I would see her, no matter what was going on, there was this strength that made me fear her, especially since I only had 1 set of grandparents left-my maternal set. As I grew up, I noticed how intent and focused she would be when she cleaned, or how she cooked, and when she would garden and snap beans.

After I gave birth to my oldest daughter, and she began to decline only because of age, I noticed that persona was an armor. I wanted to ask her so much, I wanted her to speak to what I was facing as a mother of daughters. 

I wanted…her. 
I was jealous of people that had relationships with their grandparents, and could talk to them about anything and everything, and gave of themselves in those conversations.

I was jealous of the stories that other people’s grandmothers told, and how they treated it like it was nothing special. I wanted that from her, but realizing once, sitting across the table from  her, there was this wall I could not breech. I thought of the quote biographers added to the myth and truth of General Robert E. Lee:  “safe from the pick-locks of history.”

As I added birthdays in the three years she has been gone, I recognized why she was or had to be quiet:  personal space and peace. Sometimes you have be to able to cultivate peace in yourself first before you can have it anywhere else.
I know very little about the formative years of  my grandmother, only know what I know from my own mother and other aunts. What I do know, what I think I hang on to, I cannot reveal here–but what I will say is this.

There are things that we go through in this life that you can only process, handle or accept when and unless you’re quiet.  There things that you cannot even come to peace with unless you’re quiet.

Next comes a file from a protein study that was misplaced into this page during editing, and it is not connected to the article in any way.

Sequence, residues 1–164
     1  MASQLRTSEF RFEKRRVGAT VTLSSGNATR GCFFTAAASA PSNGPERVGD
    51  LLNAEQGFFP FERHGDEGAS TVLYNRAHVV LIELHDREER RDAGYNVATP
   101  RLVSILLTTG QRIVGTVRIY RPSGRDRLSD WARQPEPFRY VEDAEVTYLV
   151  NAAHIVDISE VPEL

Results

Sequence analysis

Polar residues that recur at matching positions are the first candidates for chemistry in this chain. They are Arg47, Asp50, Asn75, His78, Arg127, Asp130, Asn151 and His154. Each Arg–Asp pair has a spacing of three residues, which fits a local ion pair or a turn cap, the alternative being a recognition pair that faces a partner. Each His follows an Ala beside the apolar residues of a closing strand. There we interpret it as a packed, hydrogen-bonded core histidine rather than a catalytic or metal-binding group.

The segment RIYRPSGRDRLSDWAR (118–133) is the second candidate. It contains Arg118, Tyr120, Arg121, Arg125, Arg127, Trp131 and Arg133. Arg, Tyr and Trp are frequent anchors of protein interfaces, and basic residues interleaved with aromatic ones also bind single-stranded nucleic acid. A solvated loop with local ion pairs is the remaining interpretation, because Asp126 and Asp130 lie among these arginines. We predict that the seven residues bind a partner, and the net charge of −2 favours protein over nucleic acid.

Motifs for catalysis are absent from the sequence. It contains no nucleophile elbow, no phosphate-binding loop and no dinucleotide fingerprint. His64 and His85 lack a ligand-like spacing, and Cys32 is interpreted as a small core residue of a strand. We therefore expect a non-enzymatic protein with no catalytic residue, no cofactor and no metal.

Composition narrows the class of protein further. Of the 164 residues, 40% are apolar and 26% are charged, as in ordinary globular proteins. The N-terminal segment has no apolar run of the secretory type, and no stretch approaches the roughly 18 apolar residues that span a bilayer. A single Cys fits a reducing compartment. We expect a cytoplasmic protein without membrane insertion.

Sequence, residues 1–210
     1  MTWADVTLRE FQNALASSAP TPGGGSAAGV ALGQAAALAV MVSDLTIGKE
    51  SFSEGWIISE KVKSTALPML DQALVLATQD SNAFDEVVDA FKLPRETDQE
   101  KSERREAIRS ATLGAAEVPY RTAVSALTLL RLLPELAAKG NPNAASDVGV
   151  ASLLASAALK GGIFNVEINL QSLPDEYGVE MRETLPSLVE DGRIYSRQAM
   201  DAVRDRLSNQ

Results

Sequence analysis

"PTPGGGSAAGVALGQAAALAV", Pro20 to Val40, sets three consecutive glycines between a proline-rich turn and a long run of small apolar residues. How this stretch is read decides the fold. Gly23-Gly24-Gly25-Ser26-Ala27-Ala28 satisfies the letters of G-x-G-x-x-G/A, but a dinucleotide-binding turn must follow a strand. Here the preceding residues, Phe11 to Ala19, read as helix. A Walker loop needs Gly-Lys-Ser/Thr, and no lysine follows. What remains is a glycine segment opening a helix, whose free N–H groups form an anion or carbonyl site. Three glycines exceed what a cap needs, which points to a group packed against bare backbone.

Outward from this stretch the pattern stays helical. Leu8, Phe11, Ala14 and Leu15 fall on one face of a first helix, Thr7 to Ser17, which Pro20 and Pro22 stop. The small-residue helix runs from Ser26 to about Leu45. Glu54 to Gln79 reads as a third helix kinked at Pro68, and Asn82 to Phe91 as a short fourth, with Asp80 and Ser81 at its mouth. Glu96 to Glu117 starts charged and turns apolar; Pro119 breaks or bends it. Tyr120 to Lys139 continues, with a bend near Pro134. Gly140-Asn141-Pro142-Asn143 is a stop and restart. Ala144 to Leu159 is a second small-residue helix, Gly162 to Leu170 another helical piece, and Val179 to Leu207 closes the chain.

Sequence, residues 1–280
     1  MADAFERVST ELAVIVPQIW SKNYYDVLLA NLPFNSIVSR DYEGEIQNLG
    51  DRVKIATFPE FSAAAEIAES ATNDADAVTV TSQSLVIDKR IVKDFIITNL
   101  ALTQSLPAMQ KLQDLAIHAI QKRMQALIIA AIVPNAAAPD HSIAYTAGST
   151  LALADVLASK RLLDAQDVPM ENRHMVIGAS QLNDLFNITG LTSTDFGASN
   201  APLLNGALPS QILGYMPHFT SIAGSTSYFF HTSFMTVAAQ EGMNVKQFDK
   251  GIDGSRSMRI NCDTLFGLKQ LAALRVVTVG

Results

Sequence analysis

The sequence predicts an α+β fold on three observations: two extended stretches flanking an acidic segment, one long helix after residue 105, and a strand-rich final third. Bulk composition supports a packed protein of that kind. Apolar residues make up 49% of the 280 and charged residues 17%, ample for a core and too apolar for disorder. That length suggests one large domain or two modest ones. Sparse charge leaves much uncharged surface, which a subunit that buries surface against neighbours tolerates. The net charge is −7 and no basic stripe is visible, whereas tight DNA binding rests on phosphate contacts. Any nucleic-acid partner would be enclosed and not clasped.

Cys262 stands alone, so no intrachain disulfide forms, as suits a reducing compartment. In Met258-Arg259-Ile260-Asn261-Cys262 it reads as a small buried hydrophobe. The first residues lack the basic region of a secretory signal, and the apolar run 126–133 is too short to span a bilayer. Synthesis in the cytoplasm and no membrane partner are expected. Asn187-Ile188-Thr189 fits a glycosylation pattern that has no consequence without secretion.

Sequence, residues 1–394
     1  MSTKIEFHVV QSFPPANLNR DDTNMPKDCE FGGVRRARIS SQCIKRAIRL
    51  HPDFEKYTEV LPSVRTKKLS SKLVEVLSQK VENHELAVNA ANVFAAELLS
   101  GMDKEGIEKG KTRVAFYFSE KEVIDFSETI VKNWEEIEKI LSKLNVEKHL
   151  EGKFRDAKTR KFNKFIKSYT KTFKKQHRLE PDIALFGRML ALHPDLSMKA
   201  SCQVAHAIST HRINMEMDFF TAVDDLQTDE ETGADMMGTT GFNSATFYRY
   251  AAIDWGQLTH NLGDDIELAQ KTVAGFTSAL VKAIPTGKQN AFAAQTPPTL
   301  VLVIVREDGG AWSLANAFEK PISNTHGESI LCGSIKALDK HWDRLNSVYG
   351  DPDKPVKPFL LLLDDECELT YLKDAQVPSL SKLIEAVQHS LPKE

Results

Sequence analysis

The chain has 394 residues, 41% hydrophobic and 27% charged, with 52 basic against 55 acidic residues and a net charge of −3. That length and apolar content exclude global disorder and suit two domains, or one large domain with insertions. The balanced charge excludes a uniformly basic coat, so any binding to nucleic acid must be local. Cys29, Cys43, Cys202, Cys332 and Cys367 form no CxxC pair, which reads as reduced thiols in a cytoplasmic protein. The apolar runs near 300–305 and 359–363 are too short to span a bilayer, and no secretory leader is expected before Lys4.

There is a place your mind travels when you process. There’s this peace it fights for when all Hell is breaking loose–this anchoring energy that reminds you, of you. The need you have for your own self, and what you need. There are things that you deal with, I deal with, she dealt with, that you cannot or may never be able to share with other people. Or, perhaps, ever share with other people because they won’t understand or understand why you aren’t dead.

I’m learning to cultivate that quiet, harness it for a base for that same strength. That place in my own self that is safe and appreciative of what it is that I want and need. That appreciates, and seeks to digest the things that have made me what I am, whom I am, and demands that I do something beneficial to myself.
This advantageous quiet…this necessary intrareflection we discount. We think don’t need it, can take it later or think, ‘My mama aint talk, and she told me that black women gotta be strong.’

Let me tell you something–even mules get tired.

I’m a woman, not a mule.

I deserve space to process, space to breathe, and not let people in to preserve the integrity of that space. I get to do the things I enjoy that help me decompress, and breathe deeply. I owe myself, to myself. My grandmother, even with her silence, she gave me all she could:  the stoic nature, never let folk see you sweat, and you do what you have to until other things happen.

In doing that, preserving myself…when my daughters and granddaughters come to me, wide-eyed over a kitchen table, I can open my mouth and release that same blessing and hope that my grandmother tried to give to me.